News / Saskatoon

Pig spleen prognosticator of the Prairies carries on family tradition

When Jeff Woodward of Regina gazes into the fatty deposits of a pig spleen, he sees more than a bloody mess.

He sees the future.

“It goes back to the pagan times when you would slaughter your pigs in the fall,” said Woodward. “The spleen would give some representation of what the winter was going to be like.”

Woodward learned this icky weather forecasting technique from his uncle, Gus Wickstrom, who was a well-known personality around the town of Gull Lake and died in 2007. Since then, Woodward has been carrying on the tradition.

“My uncle’s claim was that my ancestors did it in Sweden,” he said.

For the past few years, Woodward has predicted general weather patterns six months in advance. And he said for the most part, he’s been right.

In fact, he said, he’s even giving Environment Canada a run for their money.

“They put a lot of science into it, but the spleen has been more accurate,” he said.

The way it works is Woodward divides the spleen into six parts for each month. He then looks at the shape of the sections to determine the weather for the area the pig was raised.

“You can use how dense the fat is to say how cold it’s going to be or when precipitation is going to fall,” he said.

While the process isn't easy, Woodward said it’s no secret. Anyone with a good pig spleen can give it a try.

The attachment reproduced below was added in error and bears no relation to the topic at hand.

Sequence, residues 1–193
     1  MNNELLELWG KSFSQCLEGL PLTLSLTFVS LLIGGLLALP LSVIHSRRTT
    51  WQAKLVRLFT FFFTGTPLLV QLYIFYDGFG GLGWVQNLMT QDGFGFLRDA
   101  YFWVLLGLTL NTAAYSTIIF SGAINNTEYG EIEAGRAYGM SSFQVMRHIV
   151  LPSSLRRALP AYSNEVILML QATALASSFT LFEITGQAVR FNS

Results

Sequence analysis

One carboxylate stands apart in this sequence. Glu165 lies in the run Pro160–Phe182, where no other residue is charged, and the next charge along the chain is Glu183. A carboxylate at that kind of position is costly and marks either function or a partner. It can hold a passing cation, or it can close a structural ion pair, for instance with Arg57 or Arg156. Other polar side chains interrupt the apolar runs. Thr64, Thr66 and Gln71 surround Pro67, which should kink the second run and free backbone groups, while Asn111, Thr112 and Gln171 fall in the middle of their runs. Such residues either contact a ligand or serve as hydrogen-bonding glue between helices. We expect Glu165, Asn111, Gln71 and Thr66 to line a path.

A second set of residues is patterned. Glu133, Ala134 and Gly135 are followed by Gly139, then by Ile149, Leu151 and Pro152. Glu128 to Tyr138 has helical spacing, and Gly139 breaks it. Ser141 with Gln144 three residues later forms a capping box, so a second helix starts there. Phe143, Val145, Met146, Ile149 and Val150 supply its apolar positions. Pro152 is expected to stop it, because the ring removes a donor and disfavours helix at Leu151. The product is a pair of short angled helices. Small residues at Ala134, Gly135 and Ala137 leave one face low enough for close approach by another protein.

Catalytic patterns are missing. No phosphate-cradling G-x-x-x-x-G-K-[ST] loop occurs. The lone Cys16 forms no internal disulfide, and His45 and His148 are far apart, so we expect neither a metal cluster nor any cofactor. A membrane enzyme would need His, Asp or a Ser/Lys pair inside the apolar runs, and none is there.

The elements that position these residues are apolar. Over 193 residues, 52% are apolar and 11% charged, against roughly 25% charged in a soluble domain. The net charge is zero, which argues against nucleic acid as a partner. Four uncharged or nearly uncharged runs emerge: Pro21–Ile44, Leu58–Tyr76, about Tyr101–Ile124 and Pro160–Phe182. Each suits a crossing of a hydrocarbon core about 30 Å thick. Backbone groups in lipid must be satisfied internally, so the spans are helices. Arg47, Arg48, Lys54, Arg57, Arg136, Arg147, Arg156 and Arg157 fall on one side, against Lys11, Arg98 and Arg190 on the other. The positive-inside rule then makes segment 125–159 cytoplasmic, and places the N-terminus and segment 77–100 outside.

“They’re raw. You just pick it up and read it,” he said.

See a sample of Woodward's 2014 predictions for southwest Saskatchewan below.


Winter will start out cold and will trend this way from Jan. 1 to Jan. 7. From Jan. 8 to about Jan. 20, temperatures will start out above average and fall to average on Jan. 21 when there will be a day of snow and possible rain. From Jan. 20 to the end of the month, temperatures will stay average to above average. There will be snow between Jan. 9 and Jan. 11, in addition to the event on Jan. 21. After Jan. 21, snow will be more general through February and March.


Warmer temperatures at the end of January will disappear during the first week of February. February will be the start of more regular moisture with snow on Feb. 3 and a more significant event on Feb. 13. A small warming trend on Feb. 10 will be followed by -20 C to -25 C temperatures for the middle of the month and a gradual warming towards the end of the month. February 27 will see another snow event and temperatures will gradually improve into March. The groundhog should see his shadow as there will be at least six more weeks of winter.

More on